• The Right to Write: An Invitation and Initiation into the Writing Life
  • Writing Tools: 50 Essential Strategies for Every Writer
  • Fiction Writer's Workshop
  • Characters, Emotion & Viewpoint: Techniques and Exercises for Crafting Dynamic Characters and Effective Viewpoints
  • Making Shapely Fiction
  • The Anatomy of Story: 22 Steps to Becoming a Master Storyteller
  • The First Five Pages: A Writer's Guide To Staying Out of the Rejection Pile
  • Stein On Writing: A Master Editor of Some of the Most Successful Writers of Our Century Shares His Craft Techniques and Strategies
  • Steering the Craft: Exercises and Discussions on Story Writing for the Lone Navigator or the Mutinous Crew
  • The Forest for the Trees
  • The Writer's Idea Book
  • Becoming a Writer
  • Hooked: Write Fiction That Grabs Readers at Page One & Never Lets Them Go
  • The Artful Edit: On the Practice of Editing Yourself
12180
Francine Prose (born in 1947 in Brooklyn, New York) is an American novelist. She graduated from Radcliffe College in 1968, and received a Guggenheim fellowship in 1991. She has sat on the board of judges for the PEN/Newman's Own Award, and her novel Blue Angel, a satire about sexual harassment on college campuses, was a finalist for the National Book Award. She is now teaching at Bard College.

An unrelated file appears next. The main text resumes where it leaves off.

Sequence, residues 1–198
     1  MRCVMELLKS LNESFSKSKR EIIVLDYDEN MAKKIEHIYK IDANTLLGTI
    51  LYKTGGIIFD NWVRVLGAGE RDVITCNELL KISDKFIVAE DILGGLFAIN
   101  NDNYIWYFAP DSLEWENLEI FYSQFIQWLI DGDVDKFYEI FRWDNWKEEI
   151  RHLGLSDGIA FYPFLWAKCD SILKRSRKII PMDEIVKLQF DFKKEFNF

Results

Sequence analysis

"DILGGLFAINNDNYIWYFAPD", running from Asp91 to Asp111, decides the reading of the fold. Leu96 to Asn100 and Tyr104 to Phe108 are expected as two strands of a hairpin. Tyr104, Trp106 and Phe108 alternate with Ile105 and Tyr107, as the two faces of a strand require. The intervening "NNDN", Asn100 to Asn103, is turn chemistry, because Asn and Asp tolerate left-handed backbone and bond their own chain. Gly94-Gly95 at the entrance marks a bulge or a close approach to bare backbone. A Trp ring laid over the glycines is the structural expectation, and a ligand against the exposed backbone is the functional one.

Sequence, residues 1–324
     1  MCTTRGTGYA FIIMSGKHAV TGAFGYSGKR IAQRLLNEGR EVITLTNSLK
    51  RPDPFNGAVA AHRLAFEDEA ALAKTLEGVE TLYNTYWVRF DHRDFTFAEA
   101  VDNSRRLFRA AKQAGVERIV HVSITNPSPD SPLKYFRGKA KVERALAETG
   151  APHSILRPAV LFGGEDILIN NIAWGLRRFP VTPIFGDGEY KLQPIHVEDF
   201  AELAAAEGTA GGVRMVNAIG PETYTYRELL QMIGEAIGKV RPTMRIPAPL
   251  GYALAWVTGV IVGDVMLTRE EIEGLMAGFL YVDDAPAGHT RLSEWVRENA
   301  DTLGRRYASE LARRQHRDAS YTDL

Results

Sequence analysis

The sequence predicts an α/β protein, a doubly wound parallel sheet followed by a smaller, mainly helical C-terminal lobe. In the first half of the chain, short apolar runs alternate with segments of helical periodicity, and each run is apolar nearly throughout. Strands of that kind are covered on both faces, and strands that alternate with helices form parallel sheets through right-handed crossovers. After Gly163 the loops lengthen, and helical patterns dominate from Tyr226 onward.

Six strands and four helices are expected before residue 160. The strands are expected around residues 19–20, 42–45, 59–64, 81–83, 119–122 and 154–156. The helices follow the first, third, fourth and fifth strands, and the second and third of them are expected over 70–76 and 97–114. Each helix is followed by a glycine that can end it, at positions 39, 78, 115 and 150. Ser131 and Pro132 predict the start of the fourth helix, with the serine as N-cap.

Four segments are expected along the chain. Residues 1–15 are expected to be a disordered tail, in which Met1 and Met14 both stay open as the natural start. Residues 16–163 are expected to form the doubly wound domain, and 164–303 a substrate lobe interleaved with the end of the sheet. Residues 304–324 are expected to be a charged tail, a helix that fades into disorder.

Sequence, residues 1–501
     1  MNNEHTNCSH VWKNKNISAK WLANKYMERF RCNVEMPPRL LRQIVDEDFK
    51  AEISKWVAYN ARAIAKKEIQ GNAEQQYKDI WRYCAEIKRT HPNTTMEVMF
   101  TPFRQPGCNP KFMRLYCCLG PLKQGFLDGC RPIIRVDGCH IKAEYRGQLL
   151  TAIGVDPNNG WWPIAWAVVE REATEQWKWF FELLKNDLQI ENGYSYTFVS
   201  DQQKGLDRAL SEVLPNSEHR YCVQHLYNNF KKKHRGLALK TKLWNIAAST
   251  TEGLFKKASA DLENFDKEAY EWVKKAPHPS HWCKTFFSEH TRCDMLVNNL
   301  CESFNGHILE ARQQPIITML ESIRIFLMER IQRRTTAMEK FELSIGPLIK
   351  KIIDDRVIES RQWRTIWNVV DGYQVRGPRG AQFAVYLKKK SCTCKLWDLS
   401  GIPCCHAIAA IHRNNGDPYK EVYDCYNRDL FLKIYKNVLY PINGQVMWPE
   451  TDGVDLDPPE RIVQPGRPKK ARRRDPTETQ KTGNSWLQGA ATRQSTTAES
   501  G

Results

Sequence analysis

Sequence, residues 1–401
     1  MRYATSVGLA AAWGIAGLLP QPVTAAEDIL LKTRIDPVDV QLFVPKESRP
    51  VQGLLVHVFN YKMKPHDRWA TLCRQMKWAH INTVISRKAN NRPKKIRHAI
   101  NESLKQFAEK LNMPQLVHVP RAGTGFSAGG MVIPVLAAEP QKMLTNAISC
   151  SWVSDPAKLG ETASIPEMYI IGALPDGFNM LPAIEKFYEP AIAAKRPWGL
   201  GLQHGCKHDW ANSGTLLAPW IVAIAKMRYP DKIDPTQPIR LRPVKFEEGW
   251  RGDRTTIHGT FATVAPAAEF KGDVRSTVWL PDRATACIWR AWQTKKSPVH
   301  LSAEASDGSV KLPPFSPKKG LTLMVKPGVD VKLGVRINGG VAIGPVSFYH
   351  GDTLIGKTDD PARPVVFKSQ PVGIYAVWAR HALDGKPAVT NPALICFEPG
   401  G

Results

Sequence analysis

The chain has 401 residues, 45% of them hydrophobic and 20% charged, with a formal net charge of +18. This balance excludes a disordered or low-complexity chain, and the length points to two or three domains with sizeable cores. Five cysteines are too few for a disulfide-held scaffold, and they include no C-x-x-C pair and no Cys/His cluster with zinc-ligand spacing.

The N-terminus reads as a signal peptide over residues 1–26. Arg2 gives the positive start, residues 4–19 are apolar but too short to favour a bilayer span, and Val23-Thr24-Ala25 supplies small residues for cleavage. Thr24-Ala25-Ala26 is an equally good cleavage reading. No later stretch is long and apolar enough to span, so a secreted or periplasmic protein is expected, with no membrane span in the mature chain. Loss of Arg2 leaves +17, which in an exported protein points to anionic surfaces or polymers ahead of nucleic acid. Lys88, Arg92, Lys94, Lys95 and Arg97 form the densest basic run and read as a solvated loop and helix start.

For...more
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“I’ve always found that the better the book I’m reading, the smarter I feel, or, at least, the more able I am to imagine that I might, someday, become smarter.” 18 likes
“With so much reading ahead of you, the temptation might be to speed up. But in fact it’s essential to slow down and read every word. Because one important thing that can be learned by reading slowly is the seemingly obvious but oddly underappreciated fact that language is the medium we use in much the same way a composer uses notes, the way a painter uses paint. I realize it may seem obvious, but it’s surprising how easily we lose sight of the fact that words are the raw material out of which literature is crafted.” 12 likes